PORT-OF-SPAIN, Trinidad — The effects of the current economic climate on member states of the Caribbean Community (CARICOM) and the framework within which the Community can achieve growth and development will be a major agenda item at the upcoming 34th meeting of the conference of heads of government of CARICOM.
The meeting begins in Port-of-Spain, Trinidad with an opening ceremony on the evening of July 3, 2013, with working sessions beginning the next day and ending on July 6.
The current economic scenario, including the slow recovery from the global financial and economic crises, heavy debt burdens and other exogenous developments such as the policy of graduation by international financial institutions have had debilitating effects on the economies of CARICOM.
Prime Minister of Saint Lucia Dr Kenny Anthony laid out the situation starkly when he addressed the board of governors of the Caribbean Development Bank (CDB) a month ago. The region’s vulnerabilities, he pointed out then, were fully exposed by a global economic climate that was “complex, uncertain and worrisome”.
“The crisis that we face was not of our making. We did not precipitate it. What it did was to expose our weaknesses and vulnerabilities. What could well be our fault is how we handle the aftermath of the crisis, how we re-position our economies in that elusive search for growth,” he said.
While there is an optimistic prognosis for a resurgence of economic activity in developing countries in general, and while there has been growth in some areas in CARICOM, it has not at all been widespread and sustainability is a challenge. Several CARICOM member states have had to approach the International Monetary Fund (IMF) for support and the CDB has indicated that many member states were carrying unsustainable debt.
According to the CDB in its 2012 Annual Report, growth in the region “is cautiously expected to be positive. Supported by stepped-up public sector investment and gains in agriculture, Guyana is forecast to lead the way with real GDP growth projected at around 5 percent. This is followed by Belize at 3.3 percent while the region’s average output growth had slipped to 1.0 percent in 2012 compared with 1.2 percent a year earlier.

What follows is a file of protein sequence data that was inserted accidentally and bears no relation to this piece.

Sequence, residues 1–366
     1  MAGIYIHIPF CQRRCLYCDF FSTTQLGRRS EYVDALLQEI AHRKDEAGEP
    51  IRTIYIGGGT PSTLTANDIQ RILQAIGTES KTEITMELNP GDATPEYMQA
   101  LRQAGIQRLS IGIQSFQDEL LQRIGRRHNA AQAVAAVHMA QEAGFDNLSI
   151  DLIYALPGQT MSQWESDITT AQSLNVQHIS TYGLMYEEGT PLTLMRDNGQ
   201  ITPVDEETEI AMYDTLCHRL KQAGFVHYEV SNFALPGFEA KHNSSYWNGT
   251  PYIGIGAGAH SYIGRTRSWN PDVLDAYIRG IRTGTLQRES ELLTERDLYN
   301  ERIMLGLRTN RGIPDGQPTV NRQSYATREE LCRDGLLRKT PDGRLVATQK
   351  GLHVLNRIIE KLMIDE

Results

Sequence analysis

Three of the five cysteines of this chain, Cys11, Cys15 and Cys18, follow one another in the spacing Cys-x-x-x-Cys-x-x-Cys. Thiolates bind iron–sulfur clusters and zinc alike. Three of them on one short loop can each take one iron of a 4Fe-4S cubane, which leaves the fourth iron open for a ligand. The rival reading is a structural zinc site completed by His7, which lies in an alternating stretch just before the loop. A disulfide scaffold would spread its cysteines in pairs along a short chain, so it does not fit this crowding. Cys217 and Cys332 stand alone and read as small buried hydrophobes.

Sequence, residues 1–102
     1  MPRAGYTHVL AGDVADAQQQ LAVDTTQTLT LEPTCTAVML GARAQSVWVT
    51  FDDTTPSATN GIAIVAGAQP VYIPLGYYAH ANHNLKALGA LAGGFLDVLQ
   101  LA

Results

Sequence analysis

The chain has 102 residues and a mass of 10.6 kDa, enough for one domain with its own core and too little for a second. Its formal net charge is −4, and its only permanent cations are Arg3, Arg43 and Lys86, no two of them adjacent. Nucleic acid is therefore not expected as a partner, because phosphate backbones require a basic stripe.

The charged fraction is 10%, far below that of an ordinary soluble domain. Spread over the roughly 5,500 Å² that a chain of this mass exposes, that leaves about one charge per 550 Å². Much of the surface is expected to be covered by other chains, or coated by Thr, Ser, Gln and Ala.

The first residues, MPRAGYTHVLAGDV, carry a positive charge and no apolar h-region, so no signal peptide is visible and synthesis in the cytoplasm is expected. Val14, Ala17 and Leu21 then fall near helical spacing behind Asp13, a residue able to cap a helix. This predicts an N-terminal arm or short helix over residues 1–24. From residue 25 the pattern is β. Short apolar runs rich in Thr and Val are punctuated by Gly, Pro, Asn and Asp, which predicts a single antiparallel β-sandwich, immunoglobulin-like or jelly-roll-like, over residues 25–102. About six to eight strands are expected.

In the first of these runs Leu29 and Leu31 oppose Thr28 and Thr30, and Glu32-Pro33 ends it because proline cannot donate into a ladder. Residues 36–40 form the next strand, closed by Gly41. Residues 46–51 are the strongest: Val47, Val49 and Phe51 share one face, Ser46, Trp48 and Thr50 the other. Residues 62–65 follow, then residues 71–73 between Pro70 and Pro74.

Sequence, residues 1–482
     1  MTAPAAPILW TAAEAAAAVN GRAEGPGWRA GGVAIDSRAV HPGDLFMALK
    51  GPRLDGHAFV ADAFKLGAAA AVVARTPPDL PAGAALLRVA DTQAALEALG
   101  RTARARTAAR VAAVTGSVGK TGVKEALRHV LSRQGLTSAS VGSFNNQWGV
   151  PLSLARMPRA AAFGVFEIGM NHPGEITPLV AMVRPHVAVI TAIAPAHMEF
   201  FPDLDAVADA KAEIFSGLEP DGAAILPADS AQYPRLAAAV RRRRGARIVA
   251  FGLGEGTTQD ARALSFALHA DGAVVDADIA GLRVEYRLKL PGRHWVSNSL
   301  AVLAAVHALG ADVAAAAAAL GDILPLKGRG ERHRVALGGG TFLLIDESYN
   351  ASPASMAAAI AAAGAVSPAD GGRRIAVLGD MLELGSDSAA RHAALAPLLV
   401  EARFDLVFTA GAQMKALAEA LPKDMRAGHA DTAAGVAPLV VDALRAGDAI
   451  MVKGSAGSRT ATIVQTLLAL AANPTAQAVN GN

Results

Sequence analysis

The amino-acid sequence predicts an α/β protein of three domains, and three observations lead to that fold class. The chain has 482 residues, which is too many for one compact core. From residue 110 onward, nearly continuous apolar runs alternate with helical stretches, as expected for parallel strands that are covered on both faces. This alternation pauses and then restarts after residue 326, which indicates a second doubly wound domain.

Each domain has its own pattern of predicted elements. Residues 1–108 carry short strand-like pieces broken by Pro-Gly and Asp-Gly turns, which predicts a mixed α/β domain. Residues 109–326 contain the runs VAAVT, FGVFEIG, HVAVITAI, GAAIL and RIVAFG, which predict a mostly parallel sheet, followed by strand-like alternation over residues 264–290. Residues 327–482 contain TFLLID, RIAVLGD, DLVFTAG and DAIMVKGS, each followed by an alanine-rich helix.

“Haiti is also expected to register strong growth on account of reconstruction efforts, together with improvements from gains in the manufacturing and agriculture. Moderate growth of 1-2 percent is projected for most of the member countries of the Organisation of Eastern Caribbean States (OECS), reflecting ongoing efforts at fiscal consolidation.
“Marginal growth of less than 1 percent is projected for Barbados on the basis of an uptick in tourism based on anticipated growth in major markets, while in Jamaica, the outcome of IMF negotiations, which has the potential to release resources from other multilaterals, could boost output.”
According to the CDB, in the associate members of CARICOM which are Overseas Territories of Great Britain, growth is also expected to be positive based on the projected sustained recovery in offshore business activity, together with a pickup in leisure activity in 2013.
The CDB pointed to the challenges the region faced in key sectors such as tourism which is suffering as a result of multiple factors including the adverse effects of the Air Passenger Duty (APD) on flights to the Caribbean from the United Kingdom, reduced airlift and the high cost of intraregional travel.
An assessment of the policies of the Community over the past five decades, and a thrust that involved thinking “outside of the box” are necessary, according to Anthony, in order to inform the decisions that had to be made going forward with respect to transforming regional economies.
Anthony had homed in on the need for a new development thrust in February, at the opening of the inter-sessional meeting of the heads of government, where he called for a “big conversation” on the future of Caribbean economies, and had expressed the hope that conversation be held at the July summit. Such a discussion, he had said, would provide an opportunity to chart a new paradigm for growth, review the role and performance of regional institutions to determine how they could better assist in the restoration of growth to regional economies.
The heads of government are expected to lead that assessment and provide direction on a new approach during this 34th meeting, which is being held as the Community celebrates 40 years of integration in the country where the founding Treaty of Chaguaramas was signed in July 1973.